Good For Nothing? Rosie Kilburn

avatar By Jemima Jordan 28th October 09

Good For Nothing? Rosie Kilburn

Rosie Kilburn set up her volunteering project, ‘The Knock On Effect’, following a cancer diagnosis in February 2008 Rosie decided to raise money to help support those affected indirectly by cancer. She put on a successful art auction, raising over £9,000 to fund a business designing and selling t-shirts, the proceeds of which are donated to cancer charities.

‘The messages [on our t-shirts] are designed to be positive, and I know they are also controversial.  I didn’t want to shy away from telling people about cancer. Volunteering is a great way to help your community and I wanted to be part of Good For Nothing to send out a positive message about young people.  I’m fed up of all the negative press we get.’

Rosie’s Story:
Rosie and her sister, SylvieRosie considers herself to be an unremarkable girl, with an unremarkable life.  She is a seventeen-year-old sixth form student studying for A levels.  Her family consists of her parents, Jo and Chris, her brother Callum and her sister Sylvie.  Rosie says her parents and her boyfriend, Toby, are ‘amazing people, who really keep my days entertained’.  Rosie has a part-time job at Tesco, and volunteers at her local Red Cross shop.

Rosie’s diagnosis of a rare liver cancer, prompted her to start a campaign, the ‘Knock On Effect’, to raise money to help and support those affected indirectly by cancer.
After her diagnosis, Rosie began to think about those closest to cancer sufferers, or as she prefers to think of them, survivors:

‘There’s plenty of support for patients, but there’s not nearly as much for the people around them, who have to take care of them’, Rosie says.  ‘Also, I heard so much that was negative and depressing and I was fed up with people saying (even with the best of intentions) “sorry to hear about your illness and your life”.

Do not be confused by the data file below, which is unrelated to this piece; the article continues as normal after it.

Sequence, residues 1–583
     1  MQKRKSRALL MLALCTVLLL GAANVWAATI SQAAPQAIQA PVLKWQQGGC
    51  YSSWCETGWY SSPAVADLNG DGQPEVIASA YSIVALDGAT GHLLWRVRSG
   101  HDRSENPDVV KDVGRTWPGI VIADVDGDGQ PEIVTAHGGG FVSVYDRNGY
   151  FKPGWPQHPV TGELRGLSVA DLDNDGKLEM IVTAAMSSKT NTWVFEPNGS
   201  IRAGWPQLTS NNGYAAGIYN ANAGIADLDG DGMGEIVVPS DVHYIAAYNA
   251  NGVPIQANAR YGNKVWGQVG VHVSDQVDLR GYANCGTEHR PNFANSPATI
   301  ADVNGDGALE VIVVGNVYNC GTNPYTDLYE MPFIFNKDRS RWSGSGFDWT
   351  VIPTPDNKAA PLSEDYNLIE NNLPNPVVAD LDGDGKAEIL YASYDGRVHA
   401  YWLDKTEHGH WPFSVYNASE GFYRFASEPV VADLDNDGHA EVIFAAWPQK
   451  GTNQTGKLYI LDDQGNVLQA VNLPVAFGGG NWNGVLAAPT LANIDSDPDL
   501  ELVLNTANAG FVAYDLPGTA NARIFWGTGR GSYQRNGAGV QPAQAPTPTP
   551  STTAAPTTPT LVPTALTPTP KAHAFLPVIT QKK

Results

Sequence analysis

So I decided to put those two things together by starting my own business selling t-shirts with positive messages about cancer to raise money for the families and friends of survivors’.

Slogans on Rosie’s eye-catching t-shirts include The C Word, All Cancer Is Not Created Equal, Survivors Not Sufferers, and Cancer Survivor.

‘The messages are designed to be positive, and I know they are also controversial, but I didn’t want to shy away from telling people about cancer and wanted to get past the taboo’.

Rosie has acquired additional skills while managing her campaign.

‘I learned about money, and budgeting.   I’ve also learned about branding and public relations.  Many people understand the brand we’ve created for the business, ‘The Knock On Effect’, because so many people are affected by cancer’.

Rosie plans to print out a thousand limited edition t-shirts, another part of her marketing strategy.  She is realistic about the reaction to her art auction.

‘I had a strong background story.  Without the cancer, the advertising and the blog, there wouldn’t have been such a good response.  The messages on the t-shirts are an easy way to reflect and project my feelings’.  Rosie believes the messages can also help survivors.  ‘Positive thinking is so important to survivors.  It has such a positive impact on your well-being’.

Rosie remains positive when considering her future career.

‘I have no idea where I want to be in five or ten years’ time.  I’m considering a mixture of career choices, ranging from owning a theme park to being a wedding planner’.  She adds: ‘Think big!’

•    Rosie’s perception of how young people are portrayed in the media

“Young people generally only really get bad press and I don’t like how it is always focused on the negative. It’s a small minority of us who cause trouble; why not look at the good things?”

Copy written by Caroline Pearce